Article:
My friend, I call her by her Finnish first name Tuula, shows all the typical memory problems related to the early stages of Alzheimer's but only when she speaks and thinks in English. When we change our language into our native tongue her ability to function normally returns including her sparkly mood. Not only does she remember her youth in Finland, but also what she did yesterday. So we have two different Tuulas; one has a mild Alzheimer's, the other appears to be perfectly normal, but only in Finnish. Thank you for your excellent Alzheimer's E-Newsletter.
My Mom is currently in hospital after suffering a brain hemmorrhage. She has been gradually deteriorating over the past few years through dementia. She went deaf overnight a few years ago, and now due to the bleed she is no longer speaking, or seem to understand what i write to her..It is heartbreaking to watch her decline. She is like my child now. She needs help with feeding and every other aspect of living. She is going to be going on tube feeding through her stomach shortly and I wonder if this is the right thing to do, but can't bear the thought of her not getting nourishment...It is so hard to know what is right, especially when we can't communicate anymore..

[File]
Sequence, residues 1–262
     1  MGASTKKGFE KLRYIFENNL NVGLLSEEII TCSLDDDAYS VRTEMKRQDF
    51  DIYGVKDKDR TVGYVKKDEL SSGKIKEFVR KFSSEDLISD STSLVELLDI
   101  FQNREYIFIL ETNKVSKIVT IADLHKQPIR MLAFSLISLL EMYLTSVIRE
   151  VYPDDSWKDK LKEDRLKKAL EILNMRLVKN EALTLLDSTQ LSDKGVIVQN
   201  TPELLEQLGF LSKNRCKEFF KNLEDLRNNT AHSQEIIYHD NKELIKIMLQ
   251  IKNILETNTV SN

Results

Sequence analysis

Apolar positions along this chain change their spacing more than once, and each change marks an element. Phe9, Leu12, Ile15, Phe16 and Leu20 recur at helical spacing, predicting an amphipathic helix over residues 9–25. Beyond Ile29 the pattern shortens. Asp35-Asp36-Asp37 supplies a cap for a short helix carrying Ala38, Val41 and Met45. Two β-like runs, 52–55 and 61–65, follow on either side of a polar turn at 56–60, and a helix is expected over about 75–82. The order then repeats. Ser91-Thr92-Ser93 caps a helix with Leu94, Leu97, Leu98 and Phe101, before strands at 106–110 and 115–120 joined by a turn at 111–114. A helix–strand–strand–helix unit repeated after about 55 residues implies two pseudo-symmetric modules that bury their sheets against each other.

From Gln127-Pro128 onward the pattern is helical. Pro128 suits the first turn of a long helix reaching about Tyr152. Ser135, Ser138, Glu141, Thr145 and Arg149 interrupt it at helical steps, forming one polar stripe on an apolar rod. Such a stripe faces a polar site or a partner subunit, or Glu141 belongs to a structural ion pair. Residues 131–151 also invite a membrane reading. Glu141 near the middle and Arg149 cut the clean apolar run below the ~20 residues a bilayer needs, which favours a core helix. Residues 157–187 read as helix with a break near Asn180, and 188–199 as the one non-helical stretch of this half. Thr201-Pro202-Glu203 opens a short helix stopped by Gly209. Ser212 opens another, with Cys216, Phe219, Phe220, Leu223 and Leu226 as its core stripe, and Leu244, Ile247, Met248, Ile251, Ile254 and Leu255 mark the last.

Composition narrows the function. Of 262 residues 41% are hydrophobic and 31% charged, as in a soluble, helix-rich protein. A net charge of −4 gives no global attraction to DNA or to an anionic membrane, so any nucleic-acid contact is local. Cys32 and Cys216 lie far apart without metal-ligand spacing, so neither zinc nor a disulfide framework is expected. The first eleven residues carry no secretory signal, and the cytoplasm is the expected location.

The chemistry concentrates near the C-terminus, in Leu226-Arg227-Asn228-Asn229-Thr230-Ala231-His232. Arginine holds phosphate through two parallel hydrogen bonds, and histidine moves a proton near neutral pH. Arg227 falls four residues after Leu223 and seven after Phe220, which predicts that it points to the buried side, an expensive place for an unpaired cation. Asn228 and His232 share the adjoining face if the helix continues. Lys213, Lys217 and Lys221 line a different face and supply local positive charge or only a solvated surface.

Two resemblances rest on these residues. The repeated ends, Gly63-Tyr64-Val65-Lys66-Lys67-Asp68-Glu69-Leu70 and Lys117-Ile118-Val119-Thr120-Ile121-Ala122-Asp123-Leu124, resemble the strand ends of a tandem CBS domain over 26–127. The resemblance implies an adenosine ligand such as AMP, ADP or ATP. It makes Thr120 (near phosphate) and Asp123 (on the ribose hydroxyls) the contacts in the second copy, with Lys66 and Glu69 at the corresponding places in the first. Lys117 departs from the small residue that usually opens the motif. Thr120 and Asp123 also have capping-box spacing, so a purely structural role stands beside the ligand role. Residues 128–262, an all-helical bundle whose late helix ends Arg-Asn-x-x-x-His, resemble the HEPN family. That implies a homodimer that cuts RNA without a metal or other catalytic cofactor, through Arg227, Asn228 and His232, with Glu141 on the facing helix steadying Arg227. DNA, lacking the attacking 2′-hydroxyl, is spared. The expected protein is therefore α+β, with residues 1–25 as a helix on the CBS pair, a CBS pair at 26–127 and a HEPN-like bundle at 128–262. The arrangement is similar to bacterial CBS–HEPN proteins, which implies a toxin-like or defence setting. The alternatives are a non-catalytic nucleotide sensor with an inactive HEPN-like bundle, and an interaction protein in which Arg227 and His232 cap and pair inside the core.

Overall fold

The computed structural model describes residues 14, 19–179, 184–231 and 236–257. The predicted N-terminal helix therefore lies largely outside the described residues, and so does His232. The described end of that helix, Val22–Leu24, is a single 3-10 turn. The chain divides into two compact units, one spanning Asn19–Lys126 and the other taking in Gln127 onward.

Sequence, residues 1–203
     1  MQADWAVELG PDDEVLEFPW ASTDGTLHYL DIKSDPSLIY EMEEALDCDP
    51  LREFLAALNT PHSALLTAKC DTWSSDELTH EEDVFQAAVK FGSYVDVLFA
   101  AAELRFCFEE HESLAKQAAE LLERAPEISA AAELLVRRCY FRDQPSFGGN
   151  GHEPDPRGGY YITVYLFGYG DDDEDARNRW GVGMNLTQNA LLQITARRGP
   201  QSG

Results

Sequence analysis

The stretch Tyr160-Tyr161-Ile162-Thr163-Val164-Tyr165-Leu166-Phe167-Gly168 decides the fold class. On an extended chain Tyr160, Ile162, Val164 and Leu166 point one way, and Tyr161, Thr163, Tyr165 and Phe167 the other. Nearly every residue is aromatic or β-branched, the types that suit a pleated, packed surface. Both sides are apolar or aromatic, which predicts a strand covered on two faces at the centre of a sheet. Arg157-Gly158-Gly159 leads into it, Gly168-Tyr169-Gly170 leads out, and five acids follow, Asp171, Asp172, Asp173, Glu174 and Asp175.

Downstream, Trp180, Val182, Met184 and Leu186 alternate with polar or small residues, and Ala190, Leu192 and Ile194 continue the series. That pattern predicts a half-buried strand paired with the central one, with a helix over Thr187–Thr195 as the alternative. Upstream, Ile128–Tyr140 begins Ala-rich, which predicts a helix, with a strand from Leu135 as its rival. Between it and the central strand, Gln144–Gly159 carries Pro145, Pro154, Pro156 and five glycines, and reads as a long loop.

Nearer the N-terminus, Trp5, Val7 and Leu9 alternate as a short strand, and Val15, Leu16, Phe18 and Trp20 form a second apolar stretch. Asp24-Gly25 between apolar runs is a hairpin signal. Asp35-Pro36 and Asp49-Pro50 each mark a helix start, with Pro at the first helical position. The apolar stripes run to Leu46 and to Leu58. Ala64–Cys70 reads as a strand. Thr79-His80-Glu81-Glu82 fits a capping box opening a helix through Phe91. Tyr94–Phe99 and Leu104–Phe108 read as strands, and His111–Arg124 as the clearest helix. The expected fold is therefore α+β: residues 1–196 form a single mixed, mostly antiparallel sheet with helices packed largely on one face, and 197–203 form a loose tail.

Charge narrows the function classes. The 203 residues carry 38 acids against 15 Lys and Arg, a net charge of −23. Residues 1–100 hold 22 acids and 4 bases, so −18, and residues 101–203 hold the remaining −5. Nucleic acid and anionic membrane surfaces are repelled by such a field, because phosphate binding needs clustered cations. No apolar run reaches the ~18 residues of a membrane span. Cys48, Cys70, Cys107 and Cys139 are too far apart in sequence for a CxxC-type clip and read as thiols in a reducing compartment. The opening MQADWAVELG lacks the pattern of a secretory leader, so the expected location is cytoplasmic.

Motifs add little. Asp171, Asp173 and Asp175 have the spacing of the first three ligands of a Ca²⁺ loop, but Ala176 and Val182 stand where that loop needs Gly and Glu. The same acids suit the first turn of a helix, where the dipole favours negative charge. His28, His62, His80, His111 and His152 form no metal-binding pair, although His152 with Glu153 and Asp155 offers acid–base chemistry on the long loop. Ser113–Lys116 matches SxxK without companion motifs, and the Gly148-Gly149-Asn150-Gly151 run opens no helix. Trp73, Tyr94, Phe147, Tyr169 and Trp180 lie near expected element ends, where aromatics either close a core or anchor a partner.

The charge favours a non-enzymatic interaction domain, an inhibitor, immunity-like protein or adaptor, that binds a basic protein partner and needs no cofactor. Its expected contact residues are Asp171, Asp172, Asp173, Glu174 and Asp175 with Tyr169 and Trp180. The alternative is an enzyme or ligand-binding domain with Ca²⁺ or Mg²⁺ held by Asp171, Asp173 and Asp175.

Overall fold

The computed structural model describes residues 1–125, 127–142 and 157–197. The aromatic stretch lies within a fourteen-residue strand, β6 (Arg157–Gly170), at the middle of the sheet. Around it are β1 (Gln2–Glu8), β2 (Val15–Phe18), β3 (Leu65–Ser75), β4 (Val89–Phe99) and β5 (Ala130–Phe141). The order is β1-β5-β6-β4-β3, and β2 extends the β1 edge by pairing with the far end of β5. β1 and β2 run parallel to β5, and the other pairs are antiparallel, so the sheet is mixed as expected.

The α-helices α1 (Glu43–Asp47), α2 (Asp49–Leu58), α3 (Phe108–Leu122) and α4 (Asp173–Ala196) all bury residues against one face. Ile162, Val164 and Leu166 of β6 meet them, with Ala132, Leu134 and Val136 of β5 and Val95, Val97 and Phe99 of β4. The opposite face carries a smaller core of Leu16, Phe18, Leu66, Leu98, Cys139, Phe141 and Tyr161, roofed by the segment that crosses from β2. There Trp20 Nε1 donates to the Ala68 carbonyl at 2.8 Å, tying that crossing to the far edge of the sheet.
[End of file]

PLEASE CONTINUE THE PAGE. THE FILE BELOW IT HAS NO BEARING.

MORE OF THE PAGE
My grandmother is now bedridden and mom has to liquify all her food. The gift I gave her for the holidays was the ultra soft aloe socks for her feet. We also hung a multicolored glass angel from the ceiling fan for her to look at as she stares off in that direction often. She is our baby now, just making her as comfortable as possible until she lets go.
This is in response to those who have had the experience having a relative who was very serious, lacking in joy, keeping problems to themselves and then being diagnosed with AD.
My experience has been the opposite with a friend who was diagnosed with early AD (age 54). She was a department head, traveled exptensively, had a terrific sense of humor, happyily married....
AD does not seem to know a personality type, but I have not researched this topic. My comment is anecdotal.